At Gabriel’s Place, we believe in the benefits of cooking and eating healthy. The food here ranges from a variety of fruits and vegetables and is grown in our own backyard.

My name is Markisha Gandy, and I am a graduate of the Midwest Culinary Institute. My goal here at Gabriel’s Place as a new chef is to bring awareness to those in the community the importance of not only eating healthy, but cooking healthy as well.

In culinary school I was taught a number of things, but the one subject that caught my attention and raised my awareness was a Nutrition course. Did you know statistics show that Americans are the number one group of people who are diagnosed with obesity? Not only that, we are being diagnosed with hypertension and diabetes Type 1 and 2, high cholesterol and the number one killer – heart disease. What I have researched and been taught is that processed food is one of the main reasons why we are suffering with these diseases.

Think about it – processed foods have been made for those who aren’t motivated to cook themselves a healthier option; rather it has to do with time management or not knowing how to cook. But the prepared meals we buy in stores contain an excessive amount of sugars, fats and sodium (salt). Eating two of those processed meals alone puts us over our Dietary Reference intake, which causes us to have health problems later in our lives.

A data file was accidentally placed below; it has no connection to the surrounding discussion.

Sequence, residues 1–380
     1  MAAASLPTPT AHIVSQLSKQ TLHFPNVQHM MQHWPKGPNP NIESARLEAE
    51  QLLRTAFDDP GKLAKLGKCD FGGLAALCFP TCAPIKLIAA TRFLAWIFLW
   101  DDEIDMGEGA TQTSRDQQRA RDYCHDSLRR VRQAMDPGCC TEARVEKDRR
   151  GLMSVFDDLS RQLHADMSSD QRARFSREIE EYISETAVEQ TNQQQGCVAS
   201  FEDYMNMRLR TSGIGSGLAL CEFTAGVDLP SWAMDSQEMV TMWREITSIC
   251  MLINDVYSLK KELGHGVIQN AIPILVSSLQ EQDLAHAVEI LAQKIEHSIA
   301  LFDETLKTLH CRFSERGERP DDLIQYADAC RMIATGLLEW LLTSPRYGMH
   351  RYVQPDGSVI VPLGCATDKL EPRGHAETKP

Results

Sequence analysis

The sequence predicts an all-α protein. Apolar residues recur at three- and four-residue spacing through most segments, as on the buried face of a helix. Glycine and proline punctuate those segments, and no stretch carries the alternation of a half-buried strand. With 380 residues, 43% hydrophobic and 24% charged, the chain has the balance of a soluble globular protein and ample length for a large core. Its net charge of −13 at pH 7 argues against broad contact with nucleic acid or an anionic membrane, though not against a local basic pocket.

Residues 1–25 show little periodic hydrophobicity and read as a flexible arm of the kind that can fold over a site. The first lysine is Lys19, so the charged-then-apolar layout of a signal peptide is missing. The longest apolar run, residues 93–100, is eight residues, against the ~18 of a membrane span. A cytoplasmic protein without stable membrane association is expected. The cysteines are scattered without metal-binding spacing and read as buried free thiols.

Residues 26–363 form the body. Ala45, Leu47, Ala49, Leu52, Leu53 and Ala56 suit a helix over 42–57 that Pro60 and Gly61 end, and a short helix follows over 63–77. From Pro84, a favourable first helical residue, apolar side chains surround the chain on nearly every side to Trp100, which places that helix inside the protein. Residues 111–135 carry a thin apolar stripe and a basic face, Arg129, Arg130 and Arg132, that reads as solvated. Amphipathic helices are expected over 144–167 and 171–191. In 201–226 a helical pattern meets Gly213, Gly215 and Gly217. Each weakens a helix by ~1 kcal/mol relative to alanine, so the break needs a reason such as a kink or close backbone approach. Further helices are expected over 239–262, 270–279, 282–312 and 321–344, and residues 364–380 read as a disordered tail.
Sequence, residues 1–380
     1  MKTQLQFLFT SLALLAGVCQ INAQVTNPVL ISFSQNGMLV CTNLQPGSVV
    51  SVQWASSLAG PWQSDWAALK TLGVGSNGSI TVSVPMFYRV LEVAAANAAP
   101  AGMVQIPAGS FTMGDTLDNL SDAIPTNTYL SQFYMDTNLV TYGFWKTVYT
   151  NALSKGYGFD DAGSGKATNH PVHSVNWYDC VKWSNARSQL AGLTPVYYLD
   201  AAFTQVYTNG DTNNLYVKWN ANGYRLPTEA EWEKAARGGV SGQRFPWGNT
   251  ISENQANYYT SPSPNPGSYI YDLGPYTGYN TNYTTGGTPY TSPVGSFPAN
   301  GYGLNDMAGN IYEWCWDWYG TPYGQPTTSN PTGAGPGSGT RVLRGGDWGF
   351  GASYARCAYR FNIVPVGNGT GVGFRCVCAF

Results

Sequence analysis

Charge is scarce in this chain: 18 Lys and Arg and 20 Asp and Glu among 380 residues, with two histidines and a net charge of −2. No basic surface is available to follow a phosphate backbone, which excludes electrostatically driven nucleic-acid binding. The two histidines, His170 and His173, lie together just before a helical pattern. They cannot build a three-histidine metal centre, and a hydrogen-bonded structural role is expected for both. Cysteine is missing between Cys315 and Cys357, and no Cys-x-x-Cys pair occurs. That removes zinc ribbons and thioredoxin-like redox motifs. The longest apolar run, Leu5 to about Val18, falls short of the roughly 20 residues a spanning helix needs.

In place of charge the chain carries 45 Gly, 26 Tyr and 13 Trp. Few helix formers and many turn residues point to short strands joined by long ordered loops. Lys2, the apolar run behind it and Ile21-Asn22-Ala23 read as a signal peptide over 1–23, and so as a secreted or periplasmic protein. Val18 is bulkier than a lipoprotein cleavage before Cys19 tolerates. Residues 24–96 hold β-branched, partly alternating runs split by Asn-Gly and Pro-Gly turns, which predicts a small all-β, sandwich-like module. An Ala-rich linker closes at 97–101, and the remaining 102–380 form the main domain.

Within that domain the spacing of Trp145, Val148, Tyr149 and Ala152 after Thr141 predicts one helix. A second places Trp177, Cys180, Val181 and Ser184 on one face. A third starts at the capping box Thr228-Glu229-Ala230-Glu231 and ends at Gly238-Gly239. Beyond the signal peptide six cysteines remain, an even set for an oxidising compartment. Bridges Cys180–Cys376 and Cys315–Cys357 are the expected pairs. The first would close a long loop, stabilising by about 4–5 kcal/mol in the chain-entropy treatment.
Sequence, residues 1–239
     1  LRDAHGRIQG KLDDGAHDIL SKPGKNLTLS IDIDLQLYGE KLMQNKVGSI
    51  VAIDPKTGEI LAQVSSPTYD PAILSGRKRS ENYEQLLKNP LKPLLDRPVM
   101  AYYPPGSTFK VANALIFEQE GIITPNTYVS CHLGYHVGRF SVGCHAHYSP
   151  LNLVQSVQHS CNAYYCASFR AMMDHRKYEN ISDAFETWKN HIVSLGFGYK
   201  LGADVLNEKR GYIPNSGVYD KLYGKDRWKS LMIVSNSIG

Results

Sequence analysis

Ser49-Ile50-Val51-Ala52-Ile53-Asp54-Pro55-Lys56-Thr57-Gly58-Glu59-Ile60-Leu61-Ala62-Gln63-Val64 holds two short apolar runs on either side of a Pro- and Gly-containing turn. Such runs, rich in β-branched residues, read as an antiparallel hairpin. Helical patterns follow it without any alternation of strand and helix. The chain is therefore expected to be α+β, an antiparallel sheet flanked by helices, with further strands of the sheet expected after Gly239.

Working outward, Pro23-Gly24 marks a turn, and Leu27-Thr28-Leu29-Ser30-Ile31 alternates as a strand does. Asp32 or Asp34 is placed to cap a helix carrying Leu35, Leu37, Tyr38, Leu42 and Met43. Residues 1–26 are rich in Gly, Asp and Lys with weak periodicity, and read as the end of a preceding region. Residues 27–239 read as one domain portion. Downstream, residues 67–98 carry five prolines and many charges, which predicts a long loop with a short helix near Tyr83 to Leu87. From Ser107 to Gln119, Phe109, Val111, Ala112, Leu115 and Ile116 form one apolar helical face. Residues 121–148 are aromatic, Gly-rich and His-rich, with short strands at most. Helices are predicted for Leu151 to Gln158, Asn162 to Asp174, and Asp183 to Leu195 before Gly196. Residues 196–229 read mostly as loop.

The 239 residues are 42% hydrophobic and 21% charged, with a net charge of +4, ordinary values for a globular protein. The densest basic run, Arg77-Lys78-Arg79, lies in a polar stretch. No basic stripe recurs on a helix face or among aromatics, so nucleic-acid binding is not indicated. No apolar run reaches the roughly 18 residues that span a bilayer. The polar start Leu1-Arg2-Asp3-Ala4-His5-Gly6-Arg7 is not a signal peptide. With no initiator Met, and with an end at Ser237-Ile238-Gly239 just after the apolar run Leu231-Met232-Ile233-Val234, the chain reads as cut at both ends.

The American Heart Association states that we only need 2,300 mg of sodium daily and recommends that we reduce our sodium intake to 1,500 mg to reduce and prevent our chances of being diagnosed with high cholesterol, heart disease or hypertension. 1,500 mg of sodium amounts to 0.75 teaspoons or 3.75 grams of salt per day, while 2,300 mg amounts to one teaspoon or 6 grams of salt per day. Most people today are eating much more than that.

The average intake of sodium is about 3,400 mg, most of it coming from processed foods. All of us need to make drastic changes in our food choices, starting by reading labels and actively restricting the amount of sodium in our diets.

The body cannot function without sodium, period. But the more sodium we have in our bloodstream, the more water it binds. For this reason, sodium is thought to increase blood pressure. If our blood pressure is elevated, the heart has to work harder to push the blood throughout the body, causing increased strain on the arteries and various organs.

High blood pressure (hypertension) is a major risk factor for many serious diseases, like heart disease, stroke and kidney failure. (See Once we make the decision to eat more fresh foods that we cook and season ourselves is when we can define how long we live. Excess sugar consumption has been associated with obesity, Type 2 diabetes, cardiovascular disease, certain cancers, tooth decay and non-alcoholic fatty liver disease. (See We consume natural sugars from milk products and fruits – which are good. Where we go wrong is when we drink sweetened beverages that have added sugars as well as processed beverages. It’s best to make your own freshly squeezed or blended fruit drinks, adding honey or maple syrup to them for a healthier option.